I Am A Cat – Soseki Natsume

January 18, 2010 § 9 Comments

062

I find that there is nothing as hard as trying to understand the psychology of male humans.

I couldn’t help it. That quote there is hilarious. And oh-so-true. (Sorry boys!)

I Am A Cat is basically a story narrated by a nameless cat. This nameless cat unwittingly roams into the home of a schoolteacher, and from there on, the cat tells us about his observations of his master, and the very interesting and funny characters who come to visit.

I read the book over an entire month. Towards the second half of the book, or somewhere at the end of volume 2, and beginning of volume 3, I kind of ‘forgot’ what volume 1 was all about. So despite this being a rather thick book, I’m afraid my thoughts on it are going to be very short.

What I really liked about the book was how fresh it felt. I mean, it’s not every day that we get to see the world we know through a cat’s perspective. And this cat is no ordinary cat either. Somewhere along the lines, he decides that he’s more human than feline! I rather enjoyed the book a lot more when it was the cat doing the thinking, rather than when he was just observing what the humans were saying or doing.

The cat is also one that thinks quite highly of himself. I had to laugh when I read this:

Nobody, then, should be so insulting as to read while lying down or to read five lines all at once with the feet stretched out. When Liu Tsung-Yuan read the works of Han T’ui-Chih, a Chinese politician and a man of letters, he always made it a rule to wash his hands and to purify them in rose water first. In reading my work, however, I would only like to ask you to be enthusiastic enough to buy your own copies; do not borrow my books from your friends.

This book reminded me a little of Jonathan Swift somehow. Not as satirical as A Modest Proposal, which I loved. But I think this book did manage to drive home some points with regards to Japanese society.

Most of the characters were actually quite quite ridiculous. Their priorities were all wrong, their thought processes were all over the place. And really, though the cat was definitely one very intelligent cat, he was equally ridiculous. All of this in a good way.

My favourite quote of the book is on page 1. It was something I read to every single person who asked me, “So what are you reading?”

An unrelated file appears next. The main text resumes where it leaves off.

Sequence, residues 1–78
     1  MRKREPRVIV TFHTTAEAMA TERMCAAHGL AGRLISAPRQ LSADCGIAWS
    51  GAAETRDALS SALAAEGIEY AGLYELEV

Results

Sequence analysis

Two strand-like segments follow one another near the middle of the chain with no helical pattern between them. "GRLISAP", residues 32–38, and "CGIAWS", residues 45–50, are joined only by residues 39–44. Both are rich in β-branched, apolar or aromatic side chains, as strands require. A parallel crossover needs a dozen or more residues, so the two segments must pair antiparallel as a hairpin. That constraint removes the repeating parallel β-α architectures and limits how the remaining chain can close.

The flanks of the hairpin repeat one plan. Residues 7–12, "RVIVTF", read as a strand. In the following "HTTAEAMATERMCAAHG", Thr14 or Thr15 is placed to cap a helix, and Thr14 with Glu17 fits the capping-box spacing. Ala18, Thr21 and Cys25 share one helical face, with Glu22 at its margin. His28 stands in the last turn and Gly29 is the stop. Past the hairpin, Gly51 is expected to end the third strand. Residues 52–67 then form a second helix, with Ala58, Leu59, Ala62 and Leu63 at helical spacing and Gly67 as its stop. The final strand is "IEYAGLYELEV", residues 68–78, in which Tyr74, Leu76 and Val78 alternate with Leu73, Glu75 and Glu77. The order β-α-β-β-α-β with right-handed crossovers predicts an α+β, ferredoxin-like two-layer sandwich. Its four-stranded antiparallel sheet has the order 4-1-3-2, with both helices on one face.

This was probably the first time I had a good look at a so-called “human being”. What impressed me as being most strange still remains deeply imbedded in my mind: the face which should have been covered with hair was a slippery thing similar to what I now know to be a teakettle.

Rating: 3.5

*

Note: This book was read as part of the Read-Along hosted by Tanabata. The read-along was separated into 3 parts, coinciding with Volumes 1, 2 and 3, for which the discussion for Volume 3 was supposed to have started 2 days ago. Tanabata has since decided to extend the date till a month from now (February 15), so if you’re interested to join, there’s still time!

For: Japanese Literature Challenge 3, Japanese Literature Read-Along with Tanabata

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§ 9 Responses to I Am A Cat – Soseki Natsume

  • Ah Yuan says:

    I love the last quote! Gah, I tried looking for this novel and I couldn’t find it anywhereeeeeeeee. My library makes me sad. ToT

  • Susan says:

    Michelle, I enjoyed your post in its entirety, from the opening quote until the ending quote.

    As a cat person (I am also a dog person), I think I’d enjoy this book immensely. But I do think this book would appeal to many others as well, those who appreciate “ridiculous” characters. 🙂

  • aloi says:

    What a great review! I always find stories told from a new perspective such a treat. Gonna list this one on my TBRs

    P.S. what a smart cat to think that opening line ;P

  • mee says:

    I think I’m not gonna finish it in time. I stopped reading after the first volume, because I lack motivation, thinking that I don’t have to read it now, as I already know what’s it all about, pretty much. (I want to finish it, but it doesn’t have to be now.)

    Do you think it gets better after the first volume, or the whole book is similar in tone? Is it worth continuing NOW? 🙂

  • su says:

    @ Ah Yuan: I had to borrow this from the uni library. Hence the uninteresting looking cover/spine.

    @ Susan: I’m a cat person too. =)

    @ aloi: That is definitely one very smart cat. Plenty of good quotes in there.

    @ mee: Hmm.. the rest of the book is pretty much in the same tone. Nothing important really happens, though whatever goes on is bound to be given an interesting spin. Not an urgent read though, which is also the reason why it took me a month to read it. (I normally don’t put off finishing books if I’ve started..)

  • Mark David says:

    Well there is that saying that women are very hard to understand, right? But in a way I guess you’re also right for sometimes I do find women (particularly girls) to be rather obvious or predictable. I guess what the cat points to in saying that male humans are hard to understand is that men can be somewhat repressive or secretive sometimes. It’s not abnormal for us at all to leave our emotions unspoken… at least that’s what I think.

    • Michelle says:

      Haha! Women are *kind of* difficult to understand sometimes. =)

      And I guess you could say that it’s some sort of societal norm that men just don’t express themselves. In some cultures, it’s just not acceptable.

  • I have had my eye on this book for quite a while and think will be asking for it for my birthday in March (I might not be allowed to buy books but people can buy then for me hahaha) and so hopefully will have it to read later in the year as it just sounds brilliant.

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